Published May 4, 2018
Frequent stock market participants pay close attention when the price of the stock market indexes approaches the 200-day moving average. This trendline is seen as defining whether the market is in an uptrend or downtrend. With the proliferation of mechanical computer-driven trading, trading based on trendlines and other technical chart-based indicators has become quite prevalent. Witness below the emerging market ETF finding buyers multiple times at the black 200-day moving average line (circled).
The market finds itself this week back at that 200-day trendline in several of the major market indexes. Will buyers once again step forward and buy shares to keep the market’s uptrend intact? Indeed they did.
However, the picture is not quite a supportive when bonds are included. The downward push in bonds has already caused some funds more heavily focused on bonds to succumb and fall below the 200-day average. Vanguard’s Wellesley Income Fund, a well-known fund comprised of 60% bonds and 40% stocks, has slumped below the line for the first time in over two years.
One final point on the technical setup of this market. The chart below shows the S&P 500. The boxes highlight the past three efforts by the market to break higher and start a new uptrend. Three times these breakouts have brought in sellers to immediately push the market back down. The most recent effort occurred at a lower price, so sellers were even more eager to sell into the strength.
Charts show us the supply and demand in the market. At what price are buyers willing to buy in volume? At what price does selling predominate? We have highlighted above some of the points where buyers are willing to buy – e.g. the 200-day moving average – with their buying overwhelming sellers. And points where sellers are flooding out the buyers – e.g. on any meaningful breakout. At some point this equation will change with buyers or sellers gaining the upper hand and a new trend beginning. Given that the market has been in an uptrend coming INTO this period of consolidation (aka flat, range-bound trading), we would expect that the buyers will win this battle. That is unless there have been substantial new developments powerful enough to shift the sands and make selling the predominant force. This market is coiling up to make a move either way.
How does this all affect TimingCube? Our Turbo model is very actively trading the back-and-forth trying to capture small market moves. Last year, by contrast, Turbo sat for months letting the market’s uptrend deposit gains in our accounts. Turbo can be both a slow trend-following model and a fast short-term trading model. The goal is to keep our losses on losing trades small, and have more winning trades than losing trades. If we achieve that, then our account balances rise.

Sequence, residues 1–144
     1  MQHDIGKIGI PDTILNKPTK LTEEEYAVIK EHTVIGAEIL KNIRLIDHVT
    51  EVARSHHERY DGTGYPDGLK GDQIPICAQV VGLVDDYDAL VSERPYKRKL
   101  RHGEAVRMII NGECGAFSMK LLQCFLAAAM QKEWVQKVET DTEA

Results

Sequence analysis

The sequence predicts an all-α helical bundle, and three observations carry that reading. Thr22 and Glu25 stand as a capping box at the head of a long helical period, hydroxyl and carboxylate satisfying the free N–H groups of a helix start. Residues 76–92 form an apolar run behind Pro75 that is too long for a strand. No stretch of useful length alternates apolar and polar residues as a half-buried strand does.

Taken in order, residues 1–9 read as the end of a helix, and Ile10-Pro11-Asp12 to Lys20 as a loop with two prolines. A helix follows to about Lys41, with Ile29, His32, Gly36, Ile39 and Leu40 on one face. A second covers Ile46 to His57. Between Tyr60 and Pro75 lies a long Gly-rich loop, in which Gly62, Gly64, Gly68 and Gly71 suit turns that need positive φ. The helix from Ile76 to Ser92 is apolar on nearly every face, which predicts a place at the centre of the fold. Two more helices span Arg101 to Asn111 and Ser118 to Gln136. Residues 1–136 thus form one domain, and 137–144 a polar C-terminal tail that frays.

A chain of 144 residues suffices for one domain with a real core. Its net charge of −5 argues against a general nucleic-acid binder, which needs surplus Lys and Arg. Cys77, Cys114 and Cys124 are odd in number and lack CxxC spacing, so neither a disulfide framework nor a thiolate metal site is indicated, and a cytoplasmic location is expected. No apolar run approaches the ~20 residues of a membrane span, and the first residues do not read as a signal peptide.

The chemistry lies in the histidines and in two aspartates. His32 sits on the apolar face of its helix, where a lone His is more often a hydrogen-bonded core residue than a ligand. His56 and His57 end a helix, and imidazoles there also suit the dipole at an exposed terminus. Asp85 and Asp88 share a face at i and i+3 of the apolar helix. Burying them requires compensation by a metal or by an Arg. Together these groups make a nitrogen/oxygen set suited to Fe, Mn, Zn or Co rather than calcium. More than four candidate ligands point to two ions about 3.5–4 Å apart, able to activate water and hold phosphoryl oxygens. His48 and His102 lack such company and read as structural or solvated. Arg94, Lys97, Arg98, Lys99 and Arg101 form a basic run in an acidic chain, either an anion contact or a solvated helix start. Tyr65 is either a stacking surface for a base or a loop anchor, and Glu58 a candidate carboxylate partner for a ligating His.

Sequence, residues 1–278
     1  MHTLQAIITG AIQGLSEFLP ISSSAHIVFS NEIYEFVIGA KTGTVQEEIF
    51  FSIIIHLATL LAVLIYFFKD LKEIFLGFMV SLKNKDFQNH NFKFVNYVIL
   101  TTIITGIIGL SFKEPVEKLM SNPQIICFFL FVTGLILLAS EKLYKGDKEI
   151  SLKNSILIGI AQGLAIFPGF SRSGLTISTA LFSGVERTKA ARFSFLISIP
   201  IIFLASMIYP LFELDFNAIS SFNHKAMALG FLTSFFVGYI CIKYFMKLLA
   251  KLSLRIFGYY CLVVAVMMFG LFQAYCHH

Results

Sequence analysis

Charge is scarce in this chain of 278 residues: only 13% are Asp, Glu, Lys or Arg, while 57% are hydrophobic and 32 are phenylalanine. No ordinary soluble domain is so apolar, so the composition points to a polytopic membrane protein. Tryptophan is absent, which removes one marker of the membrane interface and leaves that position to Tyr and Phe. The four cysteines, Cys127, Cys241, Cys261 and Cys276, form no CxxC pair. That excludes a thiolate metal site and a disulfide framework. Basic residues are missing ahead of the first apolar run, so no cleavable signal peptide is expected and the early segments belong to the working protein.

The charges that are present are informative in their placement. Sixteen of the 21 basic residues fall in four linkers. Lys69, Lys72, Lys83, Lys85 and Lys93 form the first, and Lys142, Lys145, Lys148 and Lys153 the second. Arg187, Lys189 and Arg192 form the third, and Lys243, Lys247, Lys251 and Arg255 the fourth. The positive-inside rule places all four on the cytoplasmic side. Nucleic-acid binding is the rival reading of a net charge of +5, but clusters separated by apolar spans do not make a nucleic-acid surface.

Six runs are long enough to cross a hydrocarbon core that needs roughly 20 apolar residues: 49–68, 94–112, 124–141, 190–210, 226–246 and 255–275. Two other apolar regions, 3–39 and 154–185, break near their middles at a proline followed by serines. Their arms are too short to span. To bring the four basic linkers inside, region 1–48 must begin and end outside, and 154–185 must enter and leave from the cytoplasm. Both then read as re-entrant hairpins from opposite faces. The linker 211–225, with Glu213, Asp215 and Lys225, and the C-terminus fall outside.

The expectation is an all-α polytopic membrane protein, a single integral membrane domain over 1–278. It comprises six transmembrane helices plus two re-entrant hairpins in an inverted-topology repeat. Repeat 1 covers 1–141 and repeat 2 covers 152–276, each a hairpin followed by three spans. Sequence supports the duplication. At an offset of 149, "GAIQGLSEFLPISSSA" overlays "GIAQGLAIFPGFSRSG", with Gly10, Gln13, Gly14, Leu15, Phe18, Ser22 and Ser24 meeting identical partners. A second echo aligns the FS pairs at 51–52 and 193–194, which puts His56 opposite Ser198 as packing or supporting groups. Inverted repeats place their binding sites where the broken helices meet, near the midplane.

Volatility in the stock market continued this week with investors continuing to sift through corporate earnings reports while also receiving fresh input from the Federal Reserve regarding interest rates. Stocks began the week poorly with a -0.8% loss despite good earnings from McDonalds (MCD) and a solid rebound from Apple (AAPL). Apple shares had fallen -8% over the prior couple of weeks as their component suppliers reported weakness in demand, which investors viewed as indicating that iPhone X sales were sluggish. Apple continued its recovery Tuesday ahead of its earnings report that evening. The Apple strength brought along other large tech firm shares leading the Nasdaq to a +0.9% gain. Apple shares vaulted higher overnight as the company gave investors just about everything they could want – better earnings, a huge stock buyback package, higher dividends, and an increase in the profit outlook. But stocks more broadly were disappointing as they gave up a midday rebound to finish with a -0.7% loss. The Federal Reserve offered no new information of note though the group acknowledged that inflation is nearing their 2% target. It appeared the fear of ramping inflation and the potential for slowing global economic growth might have underpinned the selloff. Stocks continued their sour tone early Thursday falling as much as -1.5% and undercutting the closely watched 200-day moving average. However, that moving average reference line brought in a flurry of buyers to bring the stock indexes back to post only a -0.2% dip on the day. Once again stocks opened the day lower Friday as weakness continued. Almost immediately, though, buyers stepped in to drive stocks higher throughout the day perhaps driven by word that Warren Buffett’s Berkshire Hathaway has added substantially to their stake in Apple. Apple’s shares gained almost +4% on the day giving a strong boost to the market indexes.
Friday’s burst of buying helped the S&P 500 recover to post only a -0.2% slip for the week. The small-cap Russell 2000 rose +0.67%. The Nasdaq 100 (QQQ) benefited most from the surge in Apple shares, gaining +1.72%. For the week Apple shares rose over +13% and were responsible for about 3/4 of the Nasdaq’s weekly gain. More indicative of the market’s generally weak tone, perhaps, was a -0.9% decline in the equal-weighted S&P 500 index.
Warm wishes and until next week.